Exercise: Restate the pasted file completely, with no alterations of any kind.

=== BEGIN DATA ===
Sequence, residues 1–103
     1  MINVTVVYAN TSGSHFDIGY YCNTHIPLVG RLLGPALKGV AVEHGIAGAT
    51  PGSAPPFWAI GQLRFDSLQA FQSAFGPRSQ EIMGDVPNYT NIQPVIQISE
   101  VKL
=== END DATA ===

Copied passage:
Sequence, residues 1–103
     1  MINVTVVYAN TSGSHFDIGY YCNTHIPLVG RLLGPALKGV AVEHGIAGAT
    51  PGSAPPFWAI GQLRFDSLQA FQSAFGPRSQ EIMGDVPNYT NIQPVIQISE
   101  VKL